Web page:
A study led by Children’s researchers has shown an interesting paradox: People with anorexia have high levels of fat within their bone marrow. If the body isn’t getting enough nutrients, stem cells (the special cells that can change into other types of cells, like fat cells or blood cells) found in the bone marrow develop into fat cells, rather than bone-forming cells. This may help explain one serious consequence of anorexia — early and severe osteoporosis, or bone weakening.

    Treating

    Another Children’s research initiative aims to find a way to prevent bone loss in teens and in healthy adults. Estrogen helps to maintain bone density in young adults with eating disorders. DHEA is a natural hormone that is also associated with preventing bone loss and strengthening bones. Through a combination of a low-dose estrogen therapy and DHEA, it may be possible to increase bone density.

    Preventing

    We all know that good nutritional habits and adequate exercise are key to staying healthy, but

    less clearly understood is the way social and physical environments play into these goals. Children’s researchers are investigating how school and community settings affect adolescent nutrition, physical activity and risk of eating disorders — and are working to design and evaluate school- and community-based interventions and preventive measures that encourage healthy nutritional habits.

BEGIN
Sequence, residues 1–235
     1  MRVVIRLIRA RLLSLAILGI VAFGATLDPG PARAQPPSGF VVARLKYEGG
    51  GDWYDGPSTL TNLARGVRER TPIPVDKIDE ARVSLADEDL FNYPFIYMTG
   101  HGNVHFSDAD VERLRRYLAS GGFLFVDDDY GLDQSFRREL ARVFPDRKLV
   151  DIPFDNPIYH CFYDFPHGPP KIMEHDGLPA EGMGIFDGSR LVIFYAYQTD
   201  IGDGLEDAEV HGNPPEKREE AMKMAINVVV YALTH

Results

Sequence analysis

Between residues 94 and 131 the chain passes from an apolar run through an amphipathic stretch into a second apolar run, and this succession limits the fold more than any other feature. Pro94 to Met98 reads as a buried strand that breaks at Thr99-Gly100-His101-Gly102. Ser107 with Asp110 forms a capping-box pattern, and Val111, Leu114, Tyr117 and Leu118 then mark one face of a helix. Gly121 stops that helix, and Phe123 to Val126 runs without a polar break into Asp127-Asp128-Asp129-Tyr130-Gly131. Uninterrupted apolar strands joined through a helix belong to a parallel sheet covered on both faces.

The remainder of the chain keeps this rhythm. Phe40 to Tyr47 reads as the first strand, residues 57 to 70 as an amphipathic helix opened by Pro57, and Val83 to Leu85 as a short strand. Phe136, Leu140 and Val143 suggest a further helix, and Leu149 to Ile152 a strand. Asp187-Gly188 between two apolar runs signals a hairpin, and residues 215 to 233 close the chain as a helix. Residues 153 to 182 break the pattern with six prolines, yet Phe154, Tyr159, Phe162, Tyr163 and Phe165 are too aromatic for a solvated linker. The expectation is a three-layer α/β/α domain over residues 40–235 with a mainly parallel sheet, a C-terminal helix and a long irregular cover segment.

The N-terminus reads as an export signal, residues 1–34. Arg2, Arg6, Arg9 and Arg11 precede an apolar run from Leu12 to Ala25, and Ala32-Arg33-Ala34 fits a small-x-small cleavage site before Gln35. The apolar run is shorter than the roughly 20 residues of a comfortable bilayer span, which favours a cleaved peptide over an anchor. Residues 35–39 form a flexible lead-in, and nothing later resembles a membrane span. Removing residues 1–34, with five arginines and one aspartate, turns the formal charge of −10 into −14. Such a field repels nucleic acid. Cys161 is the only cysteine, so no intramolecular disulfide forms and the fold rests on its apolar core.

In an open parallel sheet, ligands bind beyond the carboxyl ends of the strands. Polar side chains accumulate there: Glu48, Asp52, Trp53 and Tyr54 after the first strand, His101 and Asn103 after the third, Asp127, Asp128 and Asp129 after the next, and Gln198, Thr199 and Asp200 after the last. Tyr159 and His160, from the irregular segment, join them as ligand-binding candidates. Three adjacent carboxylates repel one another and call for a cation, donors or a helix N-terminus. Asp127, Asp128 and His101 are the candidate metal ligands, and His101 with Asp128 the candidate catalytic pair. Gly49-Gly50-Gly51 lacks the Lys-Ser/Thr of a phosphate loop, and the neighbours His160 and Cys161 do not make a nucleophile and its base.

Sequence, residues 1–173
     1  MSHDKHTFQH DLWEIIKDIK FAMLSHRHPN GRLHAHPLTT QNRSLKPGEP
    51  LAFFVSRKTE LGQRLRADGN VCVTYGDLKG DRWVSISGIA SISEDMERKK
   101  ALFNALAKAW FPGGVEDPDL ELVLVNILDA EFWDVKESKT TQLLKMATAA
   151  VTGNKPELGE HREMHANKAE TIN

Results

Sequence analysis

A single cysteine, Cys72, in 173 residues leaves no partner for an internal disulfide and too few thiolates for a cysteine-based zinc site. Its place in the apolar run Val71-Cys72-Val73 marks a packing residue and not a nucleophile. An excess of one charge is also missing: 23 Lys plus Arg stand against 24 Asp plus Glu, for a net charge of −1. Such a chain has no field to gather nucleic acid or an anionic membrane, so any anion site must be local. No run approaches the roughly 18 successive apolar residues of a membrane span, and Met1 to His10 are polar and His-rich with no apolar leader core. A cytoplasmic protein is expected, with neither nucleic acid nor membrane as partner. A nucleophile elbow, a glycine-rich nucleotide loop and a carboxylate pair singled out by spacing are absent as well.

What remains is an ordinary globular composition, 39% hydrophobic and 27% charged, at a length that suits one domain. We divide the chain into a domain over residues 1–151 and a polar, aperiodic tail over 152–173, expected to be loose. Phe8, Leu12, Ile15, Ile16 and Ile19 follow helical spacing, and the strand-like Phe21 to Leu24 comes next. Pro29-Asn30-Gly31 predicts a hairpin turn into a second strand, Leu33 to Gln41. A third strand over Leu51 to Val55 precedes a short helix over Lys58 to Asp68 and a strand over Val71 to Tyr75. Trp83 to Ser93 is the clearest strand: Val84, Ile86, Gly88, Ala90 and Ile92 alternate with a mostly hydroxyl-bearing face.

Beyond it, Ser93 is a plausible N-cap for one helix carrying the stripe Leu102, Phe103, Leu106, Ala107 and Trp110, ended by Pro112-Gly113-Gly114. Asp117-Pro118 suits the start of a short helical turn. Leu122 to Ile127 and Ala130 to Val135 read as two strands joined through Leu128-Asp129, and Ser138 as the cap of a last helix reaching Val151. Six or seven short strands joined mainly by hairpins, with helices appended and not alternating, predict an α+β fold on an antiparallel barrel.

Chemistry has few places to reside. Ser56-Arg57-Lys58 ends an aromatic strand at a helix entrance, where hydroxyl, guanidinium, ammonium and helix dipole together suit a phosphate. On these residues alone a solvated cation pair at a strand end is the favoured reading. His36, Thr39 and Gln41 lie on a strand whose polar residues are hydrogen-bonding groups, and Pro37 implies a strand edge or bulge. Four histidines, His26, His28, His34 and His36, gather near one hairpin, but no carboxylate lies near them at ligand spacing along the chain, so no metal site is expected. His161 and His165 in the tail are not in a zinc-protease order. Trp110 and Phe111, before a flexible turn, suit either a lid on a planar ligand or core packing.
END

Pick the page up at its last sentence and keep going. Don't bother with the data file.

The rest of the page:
The Eating Disorders Program at Children's is actively involved in many other research projects aimed at providing a better understanding of adolescent eating disorders and developing new interventions. Our current projects include:

Request an Appointment

If this is a medical emergency, please dial 9-1-1. This form should not be used in an emergency.

Patient Information
Date of Birth:
Contact Information
Appointment Details
Send RequestIf you do not see the specialty you are looking for, please call us at: 617-355-6000.International visitors should call International Health Services at +1-617-355-5209.
Please complete all required fields

This department is currently not accepting appointment requests online. Please call us at: 617-355-6000. International +1-617-355-6000.

This department is currently not accepting appointment requests online. Please call us at: 617-355-6000. International +1-617-355-6000.

Thank you.

Your request has been successfully submitted

You will be contacted within 1 business day.

If you have questions or would like more information, please call:

617-355-6000 +1-617-355-6000
close
Find a Doctor
Search by Clinician's Last Name or Specialty:
Select by Location:
Search by First Letter of Clinician's Last Name: *ABCDEFGHIJKLMNOPQRSTUVWXYZ
BrowseSearch
Condition & Treatments
Search for a Condition or Treatment:
Show Items Starting With: *ABCDEFGHIJKLMNOPQRSTUVWXYZ
View allSearch
Locations

Related Services

The future of pediatrics will be forged by thinking differently, breaking paradigms and joining together in a shared vision of tackling the toughest challenges before us.”
- Sandra L. Fenwick, President and CEO
Close